For the Record with Paul Josephs, President and CEO, Lifecore Biomedical

June 7  

Paul Josephs recently joined Chaska-based pharmaceutical contract manufacturer Lifecore Biomedical as President & CEO. Paul brings more than 30 years of pharmaceutical industry experience to Lifecore, including 25 years in contract manufacturing. Prior to his recent appointment, he served as President & Chief Executive Officer and a member of the Board of Directors for Woodstock Sterile Solutions.

Give us some background on Lifecore Biomedical.

Lifecore is a contract development and manufacturing organization (CDMO) for injectable pharmaceutical products. That means that we help pharmaceutical companies manufacture liquid solutions that we fill into vials and syringes, ultimately for use treating patients.

We also manufacture a substance called Hyaluronic Acid, which many people have heard of as an ingredient in skin care products. Our Hyaluronic Acid is a pharmaceutical-grade product which can be used for research or added to pharmaceutical formulations. It is commonly used in ophthalmic and orthopedic treatments.

While these descriptions may seem straightforward, what we do is complex. Like increasing a recipe, imagine scaling up a formulation to go from producing a small batch to something ten times greater. And, doing so while maintaining the correct properties of each final dose prior to filling in a vial or syringe. The scientific and engineering challenges are intense, in addition to strict quality and safety requirements.

Plus, with multiple, in-depth studies and clinical trials, the average drug product takes 10-15 years to gain regulatory approval for use in patients. That means our projects require management and collaboration with customers over extended periods of time, sometimes spanning decades.           

What is one thing the Medical Alley community might be unaware of about Lifecore that you think would be good to know?

If you or someone you know has had cataract surgery, there’s a good chance that a Lifecore-manufactured surgical tool called an Ophthalmic Viscosurgical Device (OVD) was used by the surgeon. The OVD’s we produce contain Hyaluronic Acid and have a gel-like consistency that helps protect and maintain the shape of the eye during a procedure. Lifecore works with several companies in the ophthalmic space to manufacture these products for use globally.   

What are some upcoming milestones for Lifecore?

One of the most exciting, near-term milestones will be completing the installation and validation of a new filling machine. This huge machine, which was sourced from Germany, took more than two years for the vendor to produce. We had to undergo a major facility renovation to get it through the door and to create the appropriate space for it to operate. Once this is completed, it will add to our manufacturing capacity which means we’ll be able to produce more products for patients. We expect to complete the process in the third quarter of 2024.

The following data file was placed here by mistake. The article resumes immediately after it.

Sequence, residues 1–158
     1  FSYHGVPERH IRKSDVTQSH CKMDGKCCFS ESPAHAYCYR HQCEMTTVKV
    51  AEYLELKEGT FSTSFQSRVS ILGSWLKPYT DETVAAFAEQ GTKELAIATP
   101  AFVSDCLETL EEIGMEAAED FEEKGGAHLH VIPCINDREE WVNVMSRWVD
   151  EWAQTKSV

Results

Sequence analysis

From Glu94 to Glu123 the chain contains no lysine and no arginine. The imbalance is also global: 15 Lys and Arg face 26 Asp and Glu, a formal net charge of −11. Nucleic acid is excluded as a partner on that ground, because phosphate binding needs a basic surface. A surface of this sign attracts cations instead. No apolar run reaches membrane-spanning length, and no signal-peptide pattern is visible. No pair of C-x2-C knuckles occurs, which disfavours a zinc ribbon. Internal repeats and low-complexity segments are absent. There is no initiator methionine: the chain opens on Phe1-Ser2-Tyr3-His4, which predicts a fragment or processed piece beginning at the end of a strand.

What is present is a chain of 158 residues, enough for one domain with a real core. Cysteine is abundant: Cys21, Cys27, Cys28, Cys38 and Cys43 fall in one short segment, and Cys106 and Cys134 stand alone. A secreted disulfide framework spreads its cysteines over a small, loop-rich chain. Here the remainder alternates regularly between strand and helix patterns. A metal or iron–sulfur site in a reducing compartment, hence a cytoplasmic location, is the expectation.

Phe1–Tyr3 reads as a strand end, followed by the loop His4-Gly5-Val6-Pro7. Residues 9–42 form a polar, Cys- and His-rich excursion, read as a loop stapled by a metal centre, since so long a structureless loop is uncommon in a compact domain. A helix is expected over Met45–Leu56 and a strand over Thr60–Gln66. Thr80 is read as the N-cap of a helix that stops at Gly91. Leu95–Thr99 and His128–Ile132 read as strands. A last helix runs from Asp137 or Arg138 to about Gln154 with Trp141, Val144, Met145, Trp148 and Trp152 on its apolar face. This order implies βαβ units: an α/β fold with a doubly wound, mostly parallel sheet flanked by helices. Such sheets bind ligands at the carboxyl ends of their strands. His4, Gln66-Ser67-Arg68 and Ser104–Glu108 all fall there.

Another upcoming milestone will be Lifecore’s 60th anniversary in 2025. Originally founded by Dr. Otto Sartorius as American Medical Research, Lifecore’s product and service offerings have evolved throughout the decades. However, we have always maintained a focus on improving people’s lives. We’re proud of this legacy, and of our continuing service to customers and millions of patients.        

What is the best advice you have received in your career? What is the worst?

Two things come to mind when I think about the best career advice. The first is to surround yourself with great people. I have been blessed to work with wonderful individuals who have made me a better individual, personally and professionally. I am also lucky to have a strong professional network of individuals who genuinely want to help me succeed.

The second is to embrace failure; view it as a learning opportunity to help you grow. I have made several mistakes in my career, but I look back and firmly believe that they have served as a platform for me to grow.

The worst career advice that I received was to play it safe. I believe stepping out of your comfort zone and taking calculated risks can lead to significant professional growth. If I had played it safe throughout my career, I would not be in my current position.

What have been the most rewarding moments in your career?

Seeing the personal and professional success of individuals that I have had the opportunity to lead as they’ve advanced in their careers to become organizational leaders.

What is one personal goal for the upcoming year?

Run at least one half-marathon.

How do you relax/decompress?

I love to be active. Walking, running, playing tennis or golf are activities that I regularly engage in to help me relax. With that said, my golf game is also a consistent and ongoing source of frustration.

Why do you think the Medical Alley community is important?

All of us working in Medical Alley are tied to patients and their health, and that shared focus fosters connection and collaboration. For instance, we are attending the 2024 BIO International Convention in a booth sponsored by the Minnesota Dept. of Employment and Economic Development (DEED). Sharing our MN story alongside other well-known organizations brings visibility to the ecosystem that enables Lifecore’s success – via access to local resources, talent, and support. Compared to Boston or California, many prospective pharmaceutical customers are not as familiar with Minnesota’s medical ecosystem. Reminding them that we are neighbors with renowned groups like the University of Minnesota, Boston Scientific, Medtronic, and the Mayo Clinic reinforces the idea that outsourcing their injectables manufacturing to MN offers many advantages.

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